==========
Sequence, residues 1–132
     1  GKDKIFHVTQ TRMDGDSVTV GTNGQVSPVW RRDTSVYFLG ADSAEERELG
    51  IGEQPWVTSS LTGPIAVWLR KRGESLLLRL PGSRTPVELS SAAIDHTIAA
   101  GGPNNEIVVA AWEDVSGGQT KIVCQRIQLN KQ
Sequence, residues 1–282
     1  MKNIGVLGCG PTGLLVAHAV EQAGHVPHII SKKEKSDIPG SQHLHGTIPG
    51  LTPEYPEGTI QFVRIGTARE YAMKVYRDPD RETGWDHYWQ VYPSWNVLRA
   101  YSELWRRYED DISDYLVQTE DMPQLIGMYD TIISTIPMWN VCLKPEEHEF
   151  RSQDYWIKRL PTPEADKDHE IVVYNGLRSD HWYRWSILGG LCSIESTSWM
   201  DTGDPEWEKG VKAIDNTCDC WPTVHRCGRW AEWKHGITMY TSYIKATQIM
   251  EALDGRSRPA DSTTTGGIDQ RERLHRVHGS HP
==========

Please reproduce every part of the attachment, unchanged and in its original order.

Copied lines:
Sequence, residues 1–132
     1  GKDKIFHVTQ TRMDGDSVTV GTNGQVSPVW RRDTSVYFLG ADSAEERELG
    51  IGEQPWVTSS LTGPIAVWLR KRGESLLLRL PGSRTPVELS SAAIDHTIAA
   101  GGPNNEIVVA AWEDVSGGQT KIVCQRIQLN KQ
Sequence, residues 1–282
     1  MKNIGVLGCG PTGLLVAHAV EQAGHVPHII SKKEKSDIPG SQHLHGTIPG
    51  LTPEYPEGTI QFVRIGTARE YAMKVYRDPD RETGWDHYWQ VYPSWNVLRA
   101  YSELWRRYED DISDYLVQTE DMPQLIGMYD TIISTIPMWN VCLKPEEHEF
   151  RSQDYWIKRL PTPEADKDHE IVVYNGLRSD HWYRWSILGG LCSIESTSWM
   201  DTGDPEWEKG VKAIDNTCDC WPTVHRCGRW AEWKHGITMY TSYIKATQIM
   251  EALDGRSRPA DSTTTGGIDQ RERLHRVHGS HP